XPG Insights

Staffing industry recruiting news, advice and thought leadership.

XPG Insights

Staffing industry recruiting news, advice and thought leadership.

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Quick Hire or Good Hire? You shouldn’t have to choose.

The shelf life of talented candidates is shrinking as we speak. In this very competitive labor market, you must make quick decisions or risk losing out on making a strategic hire. There’s plenty of talent out there –  according to recent worker surveys, over 70 percent of employees are open to new offers in the next few months.

And they’re getting them. There’s a bidding war happening, even for entry-level employees. Fast-food chains and retailers are offering signing bonuses, and companies are looking at everything from 100% work from home policies to four-day work weeks to attract and retain workers with critical skills.

In this environment, companies that cling to their long and complex hiring practices risk losing out on top-notch talent. LinkedIn says that the average time to hire across all industries was 30 days in 2021. SHRM puts that number higher at 36 days. It will probably come as no surprise that methodical people make methodical decisions; LinkedIn’s data indicate that Engineering companies top the list for long hiring processes, as it takes an average of 49 days for candidates from submitting their job application to starting their first day on the job. Technical positions in research, finance, and information technology follow closely behind, taking 48, 46 and 44 days on average to fill. It takes some time to make a quality hire, but staffing firm Robert Half says that 57% of candidates will lose interest if the process is lengthy.

Time is money, so reducing your time to hire will not only improve the quality of your hires but also save money. Here are some ways to shorten your time to hire.

In order to fix your processes, you’ll need to assess your processes. You may have an idea of how long your total time to hire is, and even how you compare to your industry’s average. But you may not be measuring how long it takes candidates to move between stages of the hiring process: from the application stage to the phone interview stage or from the phone interview stage to the in-person interview stage, and from offer to onboarding. We know a company that only starts new hires at the beginning of a pay period, which might mean a delay of two weeks for the unfortunate candidate who gets an offer after day one of the current pay period. We don’t blame candidates who move on to something else during the wait.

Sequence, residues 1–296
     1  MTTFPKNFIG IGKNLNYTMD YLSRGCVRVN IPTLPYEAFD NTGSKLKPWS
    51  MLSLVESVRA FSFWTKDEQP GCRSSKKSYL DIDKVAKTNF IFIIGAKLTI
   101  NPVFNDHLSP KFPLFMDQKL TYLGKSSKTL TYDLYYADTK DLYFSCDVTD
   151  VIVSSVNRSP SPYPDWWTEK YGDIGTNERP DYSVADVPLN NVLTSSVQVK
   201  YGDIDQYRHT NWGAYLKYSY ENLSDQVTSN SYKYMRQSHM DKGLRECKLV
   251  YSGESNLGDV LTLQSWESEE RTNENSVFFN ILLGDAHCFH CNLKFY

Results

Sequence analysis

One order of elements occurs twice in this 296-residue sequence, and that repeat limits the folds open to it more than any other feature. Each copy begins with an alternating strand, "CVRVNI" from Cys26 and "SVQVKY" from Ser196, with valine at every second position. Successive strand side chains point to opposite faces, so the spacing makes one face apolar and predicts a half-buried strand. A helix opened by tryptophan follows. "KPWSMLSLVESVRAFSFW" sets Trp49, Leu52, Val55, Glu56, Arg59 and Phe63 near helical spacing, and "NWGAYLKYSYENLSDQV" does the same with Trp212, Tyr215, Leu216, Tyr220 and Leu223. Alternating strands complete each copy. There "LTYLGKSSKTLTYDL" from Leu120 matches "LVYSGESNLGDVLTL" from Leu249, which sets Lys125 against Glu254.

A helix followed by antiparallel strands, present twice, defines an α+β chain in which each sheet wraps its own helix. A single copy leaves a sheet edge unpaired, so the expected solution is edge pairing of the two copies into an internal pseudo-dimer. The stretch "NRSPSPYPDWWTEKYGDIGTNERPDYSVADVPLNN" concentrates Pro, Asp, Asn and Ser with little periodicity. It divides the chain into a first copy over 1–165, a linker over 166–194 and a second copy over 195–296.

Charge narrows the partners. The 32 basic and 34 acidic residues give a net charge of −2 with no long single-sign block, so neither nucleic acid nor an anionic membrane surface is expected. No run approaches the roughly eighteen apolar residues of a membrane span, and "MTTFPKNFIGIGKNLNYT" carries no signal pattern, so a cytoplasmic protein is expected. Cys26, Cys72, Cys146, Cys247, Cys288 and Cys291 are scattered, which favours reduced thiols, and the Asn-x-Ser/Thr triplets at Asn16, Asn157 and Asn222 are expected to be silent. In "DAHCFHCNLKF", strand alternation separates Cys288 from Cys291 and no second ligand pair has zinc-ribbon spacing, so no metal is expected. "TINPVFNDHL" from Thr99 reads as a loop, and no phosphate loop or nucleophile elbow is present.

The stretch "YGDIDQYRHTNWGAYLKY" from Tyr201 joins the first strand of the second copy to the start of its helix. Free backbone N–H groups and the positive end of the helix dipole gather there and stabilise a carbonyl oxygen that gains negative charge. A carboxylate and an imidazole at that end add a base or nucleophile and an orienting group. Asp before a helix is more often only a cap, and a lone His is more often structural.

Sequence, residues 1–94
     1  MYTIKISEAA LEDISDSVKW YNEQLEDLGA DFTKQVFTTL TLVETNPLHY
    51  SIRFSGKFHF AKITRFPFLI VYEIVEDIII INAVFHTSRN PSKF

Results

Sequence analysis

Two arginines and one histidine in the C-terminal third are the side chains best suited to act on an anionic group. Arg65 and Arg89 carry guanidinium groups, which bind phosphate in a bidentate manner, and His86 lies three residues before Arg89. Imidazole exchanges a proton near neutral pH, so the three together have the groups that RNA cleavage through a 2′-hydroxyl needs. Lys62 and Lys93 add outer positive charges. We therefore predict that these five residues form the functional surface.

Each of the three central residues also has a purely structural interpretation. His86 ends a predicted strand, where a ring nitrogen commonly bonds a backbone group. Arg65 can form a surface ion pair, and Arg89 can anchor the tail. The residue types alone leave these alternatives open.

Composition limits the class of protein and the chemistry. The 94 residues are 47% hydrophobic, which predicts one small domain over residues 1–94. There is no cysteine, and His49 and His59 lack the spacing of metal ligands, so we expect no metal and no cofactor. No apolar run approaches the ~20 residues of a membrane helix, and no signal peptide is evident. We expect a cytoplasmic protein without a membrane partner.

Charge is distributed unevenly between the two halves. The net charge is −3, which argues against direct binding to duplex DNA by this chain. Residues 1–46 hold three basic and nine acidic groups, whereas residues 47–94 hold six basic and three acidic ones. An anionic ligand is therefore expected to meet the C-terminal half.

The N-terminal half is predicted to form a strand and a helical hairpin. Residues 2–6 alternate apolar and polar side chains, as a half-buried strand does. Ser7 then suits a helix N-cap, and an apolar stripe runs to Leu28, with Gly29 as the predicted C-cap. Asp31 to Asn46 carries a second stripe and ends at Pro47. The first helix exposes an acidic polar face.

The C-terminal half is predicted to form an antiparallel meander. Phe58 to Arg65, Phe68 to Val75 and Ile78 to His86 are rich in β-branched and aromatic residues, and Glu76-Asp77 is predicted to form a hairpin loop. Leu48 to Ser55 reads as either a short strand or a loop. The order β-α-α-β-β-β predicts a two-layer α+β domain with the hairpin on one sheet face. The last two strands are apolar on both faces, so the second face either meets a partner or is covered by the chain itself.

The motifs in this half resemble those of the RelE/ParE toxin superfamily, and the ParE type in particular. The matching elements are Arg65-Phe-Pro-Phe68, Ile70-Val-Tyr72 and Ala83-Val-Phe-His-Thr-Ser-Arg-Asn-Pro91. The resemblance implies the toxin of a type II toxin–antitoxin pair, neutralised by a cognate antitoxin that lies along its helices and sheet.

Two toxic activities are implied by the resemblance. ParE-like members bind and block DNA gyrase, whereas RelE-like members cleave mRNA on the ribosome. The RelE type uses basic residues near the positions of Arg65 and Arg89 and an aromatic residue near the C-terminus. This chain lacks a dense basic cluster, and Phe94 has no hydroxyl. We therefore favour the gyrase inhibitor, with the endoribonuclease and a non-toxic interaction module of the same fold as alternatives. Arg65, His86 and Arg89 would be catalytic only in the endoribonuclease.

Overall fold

When you can see where your hiring process slows down, you can work with the staff causing bottlenecks to make their stage more efficient. You can help them see that hiring and onboarding should be a priority for any manager, especially in this volatile and challenging labor market. You can also consider automating processes, implementing an applicant tracking system or adding an assessment to the application process so candidates are pre-screened.

You should also be looking at the ratio of qualified to less-than-qualified applications you typically get (this will help you diagnose if the slowdown is happening in the sourcing phase.) If your sourcing is not providing a good pool of candidates, you may consider bringing in a trusted staffing partner to help you. They can advise you on developing better recruiting ads, improving your job postings, or sourcing and screening candidates for you. Of course, a staffing partner can help you with interim talent and offer temp-to-hire solutions that will allow you to make faster decisions about candidates.

You’ll also want to standardize your hiring processes. Without guidance and structure from HR, managers may be developing their own hiring processes, which may vary greatly in both length and quality. They may also start from scratch each time they have a new position to fill. Create a simplified visual map that managers can follow so they know what needs to be done at each step of the hiring process and how long each step should take.

Finally, you can build a reliable talent pipeline that’s open all the time, not just when you have an opening. We’ll cover how to do that in a future post.

About the Author:

Rich Thompson, CEO of XPG Recruit, is an expert on staffing, human resources, training and leadership development.  XPG Recruit provides recruiting for staffing companies. For consulting to increase engagement and/or retention, check out the services of our sister company, Xtra Point Group.